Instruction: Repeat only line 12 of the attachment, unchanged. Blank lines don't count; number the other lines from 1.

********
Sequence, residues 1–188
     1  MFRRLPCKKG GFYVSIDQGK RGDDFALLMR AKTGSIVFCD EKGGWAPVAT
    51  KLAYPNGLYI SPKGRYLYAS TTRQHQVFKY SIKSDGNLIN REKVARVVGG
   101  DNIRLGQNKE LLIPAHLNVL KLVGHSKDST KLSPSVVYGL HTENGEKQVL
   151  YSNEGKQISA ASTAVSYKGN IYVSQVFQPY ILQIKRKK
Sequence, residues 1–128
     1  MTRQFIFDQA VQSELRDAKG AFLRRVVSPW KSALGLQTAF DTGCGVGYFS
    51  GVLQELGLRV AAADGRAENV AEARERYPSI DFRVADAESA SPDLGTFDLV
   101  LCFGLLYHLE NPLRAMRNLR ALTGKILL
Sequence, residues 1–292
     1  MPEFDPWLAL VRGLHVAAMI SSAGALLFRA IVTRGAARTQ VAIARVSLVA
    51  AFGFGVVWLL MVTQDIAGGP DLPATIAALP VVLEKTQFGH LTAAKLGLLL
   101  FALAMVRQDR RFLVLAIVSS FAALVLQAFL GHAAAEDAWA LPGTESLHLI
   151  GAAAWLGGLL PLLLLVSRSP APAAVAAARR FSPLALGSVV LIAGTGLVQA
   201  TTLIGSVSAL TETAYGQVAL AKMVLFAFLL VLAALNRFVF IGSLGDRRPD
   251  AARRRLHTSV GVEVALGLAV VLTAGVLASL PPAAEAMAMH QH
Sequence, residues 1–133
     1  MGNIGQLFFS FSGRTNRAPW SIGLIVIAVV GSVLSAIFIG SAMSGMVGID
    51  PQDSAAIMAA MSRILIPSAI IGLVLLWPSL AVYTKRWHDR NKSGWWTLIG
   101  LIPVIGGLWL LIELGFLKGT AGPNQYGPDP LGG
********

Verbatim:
    51  AFGFGVVWLL MVTQDIAGGP DLPATIAALP VVLEKTQFGH LTAAKLGLLL